Laura Efter

Host university: Newcastle University

PhD research project: Issues in the design and analysis of (non-randomised) stepped-wedge trials with small numbers of clusters

Project summary: Stepped wedge trials (SWTs) are cluster randomised trials where all clusters, such as hospitals, schools, or community centres, begin in a control phase before receiving the intervention in a randomised time period.

This creates a staircase-looking design for which the SWT gets its name. All of the clusters stay in the intervention once they receive it, meaning the effect of time must be considered as more clusters will have received the intervention by the end of the study than at the start – for example, the prevalence of what we are studying may decrease independently from the treatment over time.

My work concentrates on SWTs with a binary outcome as most of the methodology available so far assumes a normal distribution for the outcome, yet many trials utilising stepped wedge designs have a binary outcome. I will be exploring what the most efficient time to move clusters from control to intervention is, with the aim to maximise power and make these designs more easily accessible to researchers by minimising the number of participants needed in a study.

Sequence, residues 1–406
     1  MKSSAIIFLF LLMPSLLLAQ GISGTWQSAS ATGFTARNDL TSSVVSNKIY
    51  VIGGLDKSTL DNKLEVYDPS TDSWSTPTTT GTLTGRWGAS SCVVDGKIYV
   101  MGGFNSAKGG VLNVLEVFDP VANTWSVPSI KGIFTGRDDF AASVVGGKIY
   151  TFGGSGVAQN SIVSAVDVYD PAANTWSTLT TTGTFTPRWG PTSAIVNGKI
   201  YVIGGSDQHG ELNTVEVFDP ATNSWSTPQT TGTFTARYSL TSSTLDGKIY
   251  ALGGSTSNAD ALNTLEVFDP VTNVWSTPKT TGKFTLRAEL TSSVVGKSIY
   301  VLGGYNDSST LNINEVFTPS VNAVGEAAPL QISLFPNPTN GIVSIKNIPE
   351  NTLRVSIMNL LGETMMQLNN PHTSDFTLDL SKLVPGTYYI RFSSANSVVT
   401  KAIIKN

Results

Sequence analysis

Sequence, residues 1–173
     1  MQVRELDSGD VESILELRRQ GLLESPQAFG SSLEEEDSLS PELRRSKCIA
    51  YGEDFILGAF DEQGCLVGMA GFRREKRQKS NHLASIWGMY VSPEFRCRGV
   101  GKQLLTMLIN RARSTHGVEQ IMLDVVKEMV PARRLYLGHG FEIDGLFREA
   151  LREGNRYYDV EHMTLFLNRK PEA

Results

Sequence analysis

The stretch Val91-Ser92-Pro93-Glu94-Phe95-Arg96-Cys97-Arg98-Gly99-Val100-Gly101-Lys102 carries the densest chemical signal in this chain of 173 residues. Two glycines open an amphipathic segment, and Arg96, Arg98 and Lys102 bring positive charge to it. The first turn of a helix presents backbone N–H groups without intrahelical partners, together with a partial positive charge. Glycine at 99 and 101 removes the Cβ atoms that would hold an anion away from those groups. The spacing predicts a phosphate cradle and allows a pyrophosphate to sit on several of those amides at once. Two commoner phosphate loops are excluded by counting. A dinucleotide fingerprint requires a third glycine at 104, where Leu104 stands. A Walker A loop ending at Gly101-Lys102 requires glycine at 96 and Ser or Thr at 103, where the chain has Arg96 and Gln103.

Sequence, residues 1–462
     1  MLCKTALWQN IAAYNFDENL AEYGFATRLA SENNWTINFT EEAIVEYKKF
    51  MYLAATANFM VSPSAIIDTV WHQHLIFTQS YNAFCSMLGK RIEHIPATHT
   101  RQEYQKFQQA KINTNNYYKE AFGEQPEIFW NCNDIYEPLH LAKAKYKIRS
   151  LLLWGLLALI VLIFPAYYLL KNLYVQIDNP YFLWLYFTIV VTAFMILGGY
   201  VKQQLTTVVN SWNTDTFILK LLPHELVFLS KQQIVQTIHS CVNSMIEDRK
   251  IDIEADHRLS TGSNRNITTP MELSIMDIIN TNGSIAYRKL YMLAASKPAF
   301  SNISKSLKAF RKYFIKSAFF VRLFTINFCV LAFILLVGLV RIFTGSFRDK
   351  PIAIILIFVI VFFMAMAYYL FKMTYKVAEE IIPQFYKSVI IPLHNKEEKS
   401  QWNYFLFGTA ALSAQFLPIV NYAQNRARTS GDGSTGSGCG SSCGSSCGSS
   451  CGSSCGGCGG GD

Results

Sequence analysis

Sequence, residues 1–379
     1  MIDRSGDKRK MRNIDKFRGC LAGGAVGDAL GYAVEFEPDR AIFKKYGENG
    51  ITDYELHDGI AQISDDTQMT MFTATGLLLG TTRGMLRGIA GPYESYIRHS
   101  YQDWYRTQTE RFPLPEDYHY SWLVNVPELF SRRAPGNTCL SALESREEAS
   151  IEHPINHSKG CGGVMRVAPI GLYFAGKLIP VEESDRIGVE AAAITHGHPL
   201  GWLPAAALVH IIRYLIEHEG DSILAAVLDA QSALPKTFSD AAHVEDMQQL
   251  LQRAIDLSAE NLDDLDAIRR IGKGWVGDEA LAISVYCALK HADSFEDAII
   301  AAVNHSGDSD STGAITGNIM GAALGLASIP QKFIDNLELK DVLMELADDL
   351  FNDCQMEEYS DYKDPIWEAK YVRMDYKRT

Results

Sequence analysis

Further work will also investigate, and provide guidance for, the role of randomisation in a stepped wedge trial. The majority of the work of SWTs labours under the assumption of having clusters in randomised sequences of when they cross from control to intervention.

For clusters such as hospitals, these randomisations may not always be logistically feasible and where we may have to consider a nonrandomised variation of a SWT, the literature to guide the design and analysis of such designs is scant.

Having the methodology to design robust SWTs is important to assess the effect of public health intervention which must be rolled out to whole communities to provide evidence of the cost effectiveness of these interventions.

Expected PhD completion date: Sept 2024

Contact: [email protected]